Starch-based films have gained popularity due to their biodegradability, renewability, and wide range of applications. One of the most common methods of producing these films is through solution casting. In this article, we will explore the process of solution casting in detail, including its advantages, limitations, and applications.
The Solution Casting Process
Solution casting is a four-step process that involves solution preparation, gelatinization, casting, and drying. Firstly, the process involves mixing starch and plasticizers to about 3%–10% solid concentration in water, creating a film-forming solution. The solution is then heated up to a temperature that allows the starch to become fully gelatinized while being constantly shaken and/or stirred. After gelatinization, the solution is poured onto a flat Teflon or acrylic plate and left to dry for about 24 hours in an oven at about 40–75°C to a constant weight. The final thickness of cast films is typically 0.02–0.10mm, which is controlled by calculating the quantity of starch suspension poured onto the plate.
Advantages and Limitations of Solution Casting
One advantage of solution casting is that the low viscosity of the solution makes it suitable for preparing starch-based nanocomposites through solution casting. The low starch concentration and low viscosity ensure a good dispersion of nanoparticles. Additionally, plasticizers play an important role in processing and improving the mechanical properties of starch-based films. Plasticizers can increase film flexibility by reducing the hydrogen bonding between separate polymer chains, leading to an increase of intermolecular space. However, a limitation of solution casting is that it can result in brittle films that may limit their use in some applications. High-amylose starch has been found to have better film-forming and mechanical properties than other types of starch.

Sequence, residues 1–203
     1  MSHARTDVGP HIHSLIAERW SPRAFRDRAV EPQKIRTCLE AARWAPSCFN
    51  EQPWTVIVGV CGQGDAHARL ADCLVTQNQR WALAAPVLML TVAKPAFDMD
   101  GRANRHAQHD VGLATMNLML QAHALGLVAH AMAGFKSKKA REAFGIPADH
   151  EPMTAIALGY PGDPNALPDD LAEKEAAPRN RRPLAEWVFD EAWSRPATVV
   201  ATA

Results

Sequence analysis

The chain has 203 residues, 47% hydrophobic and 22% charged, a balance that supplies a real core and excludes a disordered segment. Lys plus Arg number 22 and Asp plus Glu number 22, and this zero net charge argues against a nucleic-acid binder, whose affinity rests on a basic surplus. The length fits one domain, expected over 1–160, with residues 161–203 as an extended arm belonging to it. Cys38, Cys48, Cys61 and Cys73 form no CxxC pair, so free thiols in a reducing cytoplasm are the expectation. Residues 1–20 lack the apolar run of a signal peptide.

Applications of Starch-Based Films
Starch-based films have a wide range of applications in the food industry and beyond. Edible hydrophilic starch-based films have excellent oxygen-barrier characteristics, making them suitable for food protection. The use of starch-based films has the potential to significantly reduce the environmental impact of packaging materials, particularly in the food industry where traditional plastics are widely used.
Electrospraying Method for Preparing Starch Films
Another method for preparing starch films is electrospraying. This method involves gelatinizing 5% starch in deionized water, adding small quantities of dispersant and ethanol, and employing ultrasonic disruption to make a stable modified starch solution. The solution is then electrosprayed in a cone-jet mode, and films of varying thicknesses are obtained by varying the electrospraying time. This method results in instantaneous films due to the solvent evaporating quickly.
Solution casting is a simple and cost-effective method for producing starch-based films and sheets, with a wide range of potential applications in the food industry and beyond. As research into the properties and processing of starch-based films continues, new and innovative applications are likely to be discovered. The development of sustainable packaging materials such as starch-based films is an important step towards a more sustainable and environmentally conscious future.